Andy Greenwald writes an essay for Grantland that basically tries to sink the unsinkable Anthony Bourdain and excoriate all of the benignly conspicuous conceits of ABC's show The Taste, described as a "a bland, underseasoned mess" that's overrun with "yoga-bowing amateurs" and "deluded Capoeira instructors who make 'food for awesomeness.'" (Greenwald also comes out here, it should be noted, against dessert as a legitimate dinner course.) The show is predictably awful, he writes, though Nigella Lawson is great, and, also, no one will ever dislike Nigella Lawson. Meanwhile, co-hosts Ludo Lefebvre and Brian Malarkey are nonstarters who don't do much to offer culinary expertise or entertain viewers, but worst of all is Bourdain, described here as a once-great "knight-errant of good taste," depicted "on a garishly lit soundstage, defanged like an aging circus lion" and a shadow of his former self up high atop a pyramid scheme of supreme boringness.
Although Greenwald shouts out Chopped and Top Chef as still somewhat engaging food television — the latter show doesn't feature Tony, but nonetheless is where the relict "Bourdainian ideal is best expressed" — this is really just pot-stirring disguised as butchery. Will calling out the former chef now do anything to diminish his audience?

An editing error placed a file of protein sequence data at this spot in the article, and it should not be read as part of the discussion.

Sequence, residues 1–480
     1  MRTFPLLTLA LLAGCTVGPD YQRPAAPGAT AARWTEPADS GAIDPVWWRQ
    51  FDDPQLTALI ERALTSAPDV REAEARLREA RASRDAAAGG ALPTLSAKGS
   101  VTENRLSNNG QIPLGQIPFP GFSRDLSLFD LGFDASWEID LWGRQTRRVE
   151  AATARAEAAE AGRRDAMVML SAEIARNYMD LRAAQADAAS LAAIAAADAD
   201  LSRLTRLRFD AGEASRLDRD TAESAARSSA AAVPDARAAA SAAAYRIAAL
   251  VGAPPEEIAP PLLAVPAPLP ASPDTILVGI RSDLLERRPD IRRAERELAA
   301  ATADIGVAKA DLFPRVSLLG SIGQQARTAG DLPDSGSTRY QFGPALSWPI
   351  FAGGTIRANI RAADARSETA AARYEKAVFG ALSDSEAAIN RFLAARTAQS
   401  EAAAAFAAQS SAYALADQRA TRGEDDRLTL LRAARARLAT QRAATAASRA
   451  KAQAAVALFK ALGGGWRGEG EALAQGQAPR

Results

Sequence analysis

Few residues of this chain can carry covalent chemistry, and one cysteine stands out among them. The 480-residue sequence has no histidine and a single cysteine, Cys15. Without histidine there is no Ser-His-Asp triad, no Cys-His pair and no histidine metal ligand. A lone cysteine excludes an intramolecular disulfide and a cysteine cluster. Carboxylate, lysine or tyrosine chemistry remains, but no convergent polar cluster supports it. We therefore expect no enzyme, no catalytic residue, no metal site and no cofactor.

Oddly, the ongoing and sea-sickening Guy Fieri debacle supplies a newish, somewhat wonderful precedent for takedowns to be better for continued business than good reviews. The Taste, which got off to a good start last month, really needs all the help it can get, because we're not only living in the age of Peak Cheftestants, but also because the old culinary competition TV show superstructures — elimination rounds and "quickfire" challenges — are wearing thin, and are increasingly rickety with viewers. Maybe any publicity will be good publicity?*
*This post has been edited throughout.